Friday, October 4, 2013

"I will not glory save in the Cross of Our Lord Jesus Christ"

Today is the liturgical Memorial of St. Francis of Assisi. In an exchange with one of his friars, a certain Brother Leo, Brother Francis taught that prefect joy is only found in the Cross of Christ: "Above all the graces and gifts of the Holy Spirit which Christ gives to His friends," Francis told Leo, "is that of conquering oneself and willingly enduring sufferings, insults, humiliations, and hardships for the love of Christ. For we cannot glory in all those other marvelous gifts of God, as they are not ours but God's, as the Apostle says: 'What have you that you have not received?' But we can glory in the cross of tribulations and afflictions, because that is ours, and so the Apostle says: 'I will not glory save in the Cross of Our Lord Jesus Christ.'"

St. Francis of Assisi, by Giotto

In his homily for last Friday, 27 September, the man who took the papal name Francis, preaching on Luke 9:18-22, spoke of the same thing. The pope said, "'Spiritual well being can only take us so far.' What remains in order to be a true Christian is 'the anointing of the Cross, the anointing of humiliation. He humbled himself even to death, death on the Cross. This is the touchstone, the proof of who we are as Christians.'"

The Holy Father urged us to ask ourselves, "Am I a Christian of the culture of comfort, or am I a Christian who accompanies Jesus to the Cross?" The sure sign that we are those who follow Jesus to the Cross is our "ability to endure humiliation. The Christian who doesn't agree with the Lord's plan is only halfway down the road: he is tepid." Dear friends, let's not be tepid Christians, but ones on fire with love, the love for which the Cross is the only conduit.

Or, as the first line from the Church's reading for Morning Prayer today (regular psalter- Week II), taken from the second chapter of Ephesians, states it: "Now in Christ Jesus you who once were far off have been brought near through the blood of Christ."


In reading, once again, through the Book of Job, I was struck yesterday by this passage:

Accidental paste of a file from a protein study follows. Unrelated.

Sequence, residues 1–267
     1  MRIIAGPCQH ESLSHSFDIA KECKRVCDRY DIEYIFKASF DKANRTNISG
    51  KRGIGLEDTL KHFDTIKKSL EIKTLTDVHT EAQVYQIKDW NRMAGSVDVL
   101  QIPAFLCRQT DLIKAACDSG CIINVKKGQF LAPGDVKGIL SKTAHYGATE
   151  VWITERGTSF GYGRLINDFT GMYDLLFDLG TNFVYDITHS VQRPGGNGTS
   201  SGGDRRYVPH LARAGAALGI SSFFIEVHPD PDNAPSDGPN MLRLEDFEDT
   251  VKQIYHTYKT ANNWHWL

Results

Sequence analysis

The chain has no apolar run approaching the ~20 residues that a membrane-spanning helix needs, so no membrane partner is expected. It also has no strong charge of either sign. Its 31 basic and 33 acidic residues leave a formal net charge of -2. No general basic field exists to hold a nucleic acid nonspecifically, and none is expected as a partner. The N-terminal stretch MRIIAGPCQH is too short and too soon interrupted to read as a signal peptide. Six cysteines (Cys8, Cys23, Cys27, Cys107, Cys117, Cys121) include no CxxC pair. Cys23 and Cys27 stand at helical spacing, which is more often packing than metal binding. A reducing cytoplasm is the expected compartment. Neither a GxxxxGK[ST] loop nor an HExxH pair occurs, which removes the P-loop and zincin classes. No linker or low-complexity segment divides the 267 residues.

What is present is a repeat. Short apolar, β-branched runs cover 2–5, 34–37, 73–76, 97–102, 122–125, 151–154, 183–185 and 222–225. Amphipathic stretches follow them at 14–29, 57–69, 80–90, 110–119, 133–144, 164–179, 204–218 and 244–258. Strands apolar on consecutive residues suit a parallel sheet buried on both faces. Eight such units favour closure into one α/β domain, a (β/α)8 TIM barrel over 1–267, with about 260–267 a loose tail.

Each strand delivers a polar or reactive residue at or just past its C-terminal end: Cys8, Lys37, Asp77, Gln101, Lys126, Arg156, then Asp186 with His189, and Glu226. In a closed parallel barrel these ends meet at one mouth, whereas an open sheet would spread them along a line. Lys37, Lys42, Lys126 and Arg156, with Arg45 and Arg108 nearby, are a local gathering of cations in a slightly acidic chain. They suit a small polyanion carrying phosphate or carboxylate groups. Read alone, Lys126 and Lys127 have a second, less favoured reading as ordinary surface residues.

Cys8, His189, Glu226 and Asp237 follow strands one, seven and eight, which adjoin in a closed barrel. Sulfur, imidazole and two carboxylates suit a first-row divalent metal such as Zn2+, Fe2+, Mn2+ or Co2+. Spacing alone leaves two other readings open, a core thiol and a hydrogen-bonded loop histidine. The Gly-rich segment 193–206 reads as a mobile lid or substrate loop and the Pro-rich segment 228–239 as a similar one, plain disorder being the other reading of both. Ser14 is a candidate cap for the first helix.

A mortal, born of woman, few of days and full of trouble,
      comes up like a flower and withers,
      flees like a shadow and does not last.
Do you fix your eyes on such a one?
      Do you bring me into judgment with you?
Who can bring a clean thing out of an unclean?
      No one can (Job 14:1-4 NRSV)
These inspired words, written without knowledge of the sacrifice of Jesus Christ, express the hopelessness and futility of life without Him. We can rejoice in the words of the apostle, who wrote that for our sake, the Father "made" Christ, "who knew no sin," to "be sin" in order "that in him we might become the righteousness of God" (2 Cor. 5:21).

In beholding Jesus Christ hanging on the Cross we see what the inspired author(s) of Job could not see; how, in Him, God's justice and mercy are perfectly reconciled, "making peace through the blood of his cross" (Col 1:20). Who can bring a clean thing out of an unclean? Jesus Christ, offering Himself as the only acceptable sacrifice to the Father on our behalf. Hence, we pray, "For the sake of His sorrowful passion/Have mercy on us and on the whole world."

In light of all this, a fitting Friday traditio, returning after a two-week hiatus, is Phil Keaggy's rendition of "Nothing But the Blood":

Oh! precious is the flow/That makes me white as snow

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